INSIGHTS: We Asked Our Readers..

How Does Your Community Minimize Risk to the Organization and Its Employees? [PM Magazine, May 2019]

ARTICLE | May 3, 2019
Adobe Stock

Deborah Sargent

City Manager, Campbell River, British Columbia, Canada (Deborah.Sargent@campbellriver.ca)

At the city of Campbell River, we recognize risk on a number of fronts. We minimize potential problems and work to protect our employees, community members, our organization’s reputation, and the investment of public funds by following comprehensive procedures, policies, and practices, and through a culture of continuous improvement. We employ a safety advisor and a purchasing and risk management officer. We call upon legal counsel for timely advice as required.

Specifically, the city focuses on:

  • Asset management, by protecting public investment and community services.
  • Health and safety, by protecting people and the environment.
  • Operations and service continuity, by conducting scheduled risk management inspections and providing reports on risk exposure.
  • Procurement and project management, by prequalifying bidders and basing contracts on provincial master municipal construction documents.
  • Professional development and employee retention, with a corporate culture that maintains a positive workplace.
  • Property damage, by reducing the risk of damage to public and private property.
  • Public safety, by instituting an extensive risk policy.
  • Reputation management, through a commitment to progressive community development and proactive communications and issues management.

Amanda Mack, EMPA

City Manager, Spencer City, Iowa (amack@spenceriowacity.com)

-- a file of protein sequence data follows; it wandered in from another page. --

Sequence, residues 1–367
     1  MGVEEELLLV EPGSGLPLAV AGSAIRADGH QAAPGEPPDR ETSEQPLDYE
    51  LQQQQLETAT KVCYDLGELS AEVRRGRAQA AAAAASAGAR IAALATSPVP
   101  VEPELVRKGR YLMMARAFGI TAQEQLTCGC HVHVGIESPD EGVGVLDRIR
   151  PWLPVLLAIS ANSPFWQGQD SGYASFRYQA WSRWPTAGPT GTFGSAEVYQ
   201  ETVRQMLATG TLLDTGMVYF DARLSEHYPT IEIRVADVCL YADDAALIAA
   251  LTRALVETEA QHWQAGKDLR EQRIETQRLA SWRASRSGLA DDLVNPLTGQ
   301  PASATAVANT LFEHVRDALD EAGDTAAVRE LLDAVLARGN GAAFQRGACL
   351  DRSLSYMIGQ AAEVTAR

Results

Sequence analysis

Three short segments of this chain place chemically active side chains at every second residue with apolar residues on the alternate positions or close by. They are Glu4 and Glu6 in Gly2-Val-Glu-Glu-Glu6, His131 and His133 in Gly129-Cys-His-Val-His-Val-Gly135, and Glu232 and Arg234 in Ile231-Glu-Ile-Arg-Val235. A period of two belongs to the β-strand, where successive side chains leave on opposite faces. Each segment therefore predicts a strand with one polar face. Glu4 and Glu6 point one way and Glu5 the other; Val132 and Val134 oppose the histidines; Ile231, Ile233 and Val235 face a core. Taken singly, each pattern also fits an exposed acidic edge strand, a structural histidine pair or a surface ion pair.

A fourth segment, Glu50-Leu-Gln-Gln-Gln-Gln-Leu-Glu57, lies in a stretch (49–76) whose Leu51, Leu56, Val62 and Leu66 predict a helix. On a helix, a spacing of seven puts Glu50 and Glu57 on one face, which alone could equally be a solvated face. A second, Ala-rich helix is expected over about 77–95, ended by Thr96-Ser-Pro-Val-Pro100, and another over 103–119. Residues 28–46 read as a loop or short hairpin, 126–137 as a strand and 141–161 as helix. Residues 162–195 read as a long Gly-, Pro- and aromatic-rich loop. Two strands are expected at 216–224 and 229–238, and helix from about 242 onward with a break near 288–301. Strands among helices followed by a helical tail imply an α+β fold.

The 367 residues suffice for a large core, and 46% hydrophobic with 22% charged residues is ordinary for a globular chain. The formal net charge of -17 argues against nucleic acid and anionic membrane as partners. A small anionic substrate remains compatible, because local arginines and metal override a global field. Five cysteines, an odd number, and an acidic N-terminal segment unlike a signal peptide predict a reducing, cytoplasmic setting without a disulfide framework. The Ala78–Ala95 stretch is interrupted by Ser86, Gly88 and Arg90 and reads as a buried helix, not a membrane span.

The city of Spencer takes the time to regularly review both our internal and external processes and procedures. We especially take time to review risk mitigation after major events occur. This past summer, our community was struck with several incidents of flooding. During and after each event we reviewed our plans, procedures, and processes and were able to adapt “on the fly” when necessary. We asked ourselves, “what worked well, what didn’t, where can we improve for the next event” and then worked to implement those changes.

Additionally, Spencer spends a great deal of time working through long-range infrastructure planning. This, in and of itself, is a risk mitigation process that is helpful to the city staff, council, and community.

The final piece we put into place regarding risk mitigation is clear communications. We have built a strong communication structure that allows us to share information both internally and externally in an efficient and appropriate manner. We have built a culture that allows employees to provide feedback on that communication structure and offer improvements. By leaning into clear communications, employees are able to meet challenges head on and not find themselves in a situation where they are uninformed or unprepared to deal with that challenge.

Advertisement